Should your ecommerce store advertise your lowest price or the all-inclusive price?
Setting a fair price and figuring out how to advertise it is essential for any business. Finding out at the check out that the price they thought they were paying has doubled makes people cross, yet startlingly good prices draw in the crowds. What’s an ecommerce online shop to do?
Conversion rates are critical
Being able to advertise an amazing price – like a flight for 99p – looks great in your adverts and can certainly be memorable. However, it’s important to consider the conversion rate as a ad is only worthwhile if it translates into more sales. Sticking with budget flights, if a user clicks on an ad ‘flights from 99p’ and finds that there’s only one seat at the price, travelling from Stansted to Birmingham at 4am, they may be disappointed enough that the £17 flight to Spain no longer looks attractive.
Online advertising comes with a host of analytic tools and metrics that let you see how many people clicked on your ad and what they did next. If thousands click through to your online shop and none buy, your advertised price is probably misleading.
All-inclusive is attractive – if it’s true
Everyone loves a bargain but savvy shoppers are increasingly wary of hidden costs. Certain businesses seem to charge extra for every little thing, giving customers a laundry list of charges on top of the advertised price.
As a result, all-inclusive prices and bundles of related items can be incredibly attractive. It’s a particularly good strategy to use when you know what your customers want – that’s why hotels near theme parks tend to have more ‘kids stay free’ offers than conference centres do.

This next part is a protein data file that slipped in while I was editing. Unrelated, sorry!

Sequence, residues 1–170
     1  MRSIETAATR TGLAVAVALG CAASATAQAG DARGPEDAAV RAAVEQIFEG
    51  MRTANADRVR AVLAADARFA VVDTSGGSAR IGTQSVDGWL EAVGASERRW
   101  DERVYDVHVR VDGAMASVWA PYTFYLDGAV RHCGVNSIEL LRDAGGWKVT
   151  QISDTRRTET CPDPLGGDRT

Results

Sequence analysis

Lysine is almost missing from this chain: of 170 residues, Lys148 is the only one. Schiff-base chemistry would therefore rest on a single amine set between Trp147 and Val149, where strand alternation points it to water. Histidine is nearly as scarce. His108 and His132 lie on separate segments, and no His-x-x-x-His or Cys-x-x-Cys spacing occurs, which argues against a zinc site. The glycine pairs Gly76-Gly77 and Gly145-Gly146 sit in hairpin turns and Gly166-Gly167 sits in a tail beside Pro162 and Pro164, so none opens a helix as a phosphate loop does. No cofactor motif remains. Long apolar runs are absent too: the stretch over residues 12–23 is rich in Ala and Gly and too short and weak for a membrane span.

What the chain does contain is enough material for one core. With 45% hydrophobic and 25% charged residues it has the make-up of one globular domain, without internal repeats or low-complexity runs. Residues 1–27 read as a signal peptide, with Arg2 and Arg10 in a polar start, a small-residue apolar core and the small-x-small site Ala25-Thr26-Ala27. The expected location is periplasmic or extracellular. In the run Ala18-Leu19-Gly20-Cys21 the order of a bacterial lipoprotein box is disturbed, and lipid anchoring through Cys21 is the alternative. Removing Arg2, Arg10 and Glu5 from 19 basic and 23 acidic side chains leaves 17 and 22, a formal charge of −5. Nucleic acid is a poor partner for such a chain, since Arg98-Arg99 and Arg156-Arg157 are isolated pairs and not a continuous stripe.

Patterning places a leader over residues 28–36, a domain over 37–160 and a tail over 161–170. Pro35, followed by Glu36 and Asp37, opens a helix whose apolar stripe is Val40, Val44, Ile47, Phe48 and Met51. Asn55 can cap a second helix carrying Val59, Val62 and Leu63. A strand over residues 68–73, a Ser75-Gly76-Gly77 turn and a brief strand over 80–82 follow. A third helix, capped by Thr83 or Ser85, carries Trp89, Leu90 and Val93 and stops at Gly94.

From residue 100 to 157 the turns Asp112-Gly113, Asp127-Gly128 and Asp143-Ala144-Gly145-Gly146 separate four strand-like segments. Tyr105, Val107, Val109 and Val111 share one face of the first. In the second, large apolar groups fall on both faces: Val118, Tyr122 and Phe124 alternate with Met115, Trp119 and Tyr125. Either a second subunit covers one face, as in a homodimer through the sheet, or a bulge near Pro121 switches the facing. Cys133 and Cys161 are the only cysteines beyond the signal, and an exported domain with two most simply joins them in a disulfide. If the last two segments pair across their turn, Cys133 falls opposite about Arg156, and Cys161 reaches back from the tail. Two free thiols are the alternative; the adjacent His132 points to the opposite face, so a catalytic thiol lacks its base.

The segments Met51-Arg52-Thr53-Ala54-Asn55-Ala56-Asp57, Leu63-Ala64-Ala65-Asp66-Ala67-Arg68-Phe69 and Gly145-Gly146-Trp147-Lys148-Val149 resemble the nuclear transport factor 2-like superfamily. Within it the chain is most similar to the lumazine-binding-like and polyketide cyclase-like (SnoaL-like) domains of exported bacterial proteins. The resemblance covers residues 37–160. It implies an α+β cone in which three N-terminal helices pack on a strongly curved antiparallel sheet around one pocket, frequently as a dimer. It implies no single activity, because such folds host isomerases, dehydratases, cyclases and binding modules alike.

Set the right expectations
A lot of ecommerce stores are very cagey about pricing basics like postage and packaging, card fees and VAT. If you’re losing a lot of customers at the checkout page of your ecommerce site, have a look at what’s happening there.
Misleading advertising can also net you a stiff fine, so it’s important to be honest with your pricing. As an example, if you’re selling a theatre ticket for £1 but there’s an unavoidable £5 ‘admin charge’ per ticket, you’re better off pricing the ticket as £6 from the start.
Know your market
Imagine you walk into a supermarket, pick up a carton of milk and head to the checkout. The price at the register is higher than the one listed on the shelf. Do you complain – or are you just in the USA, where tax is added at the till?
While in most transactions in Britain the tax is included in the displayed price, in some cases its added afterwards. This is particularly common for business to business transactions, where VAT may not apply, and construction work. So if your customers are mentally adding ‘about 20%’ to your prices, you’ll need to leave off the VAT to look competitive.
At boxChilli Digital we have a huge wealth or eCommerce experience, including owning and running our own million pound turnover eCommerce store, we can help you with the day to day practicalities of running an online eCommerce business.
If you are a business based in Portsmouth, Hampshire or elsewhere and would like to find out more how we can help you with branding, social media & digital marketing visit our pages or to find more about our web design and digital marketing team
or view our portfolio
Anders Bohea – Managing Director – boxChilli Digital Marketing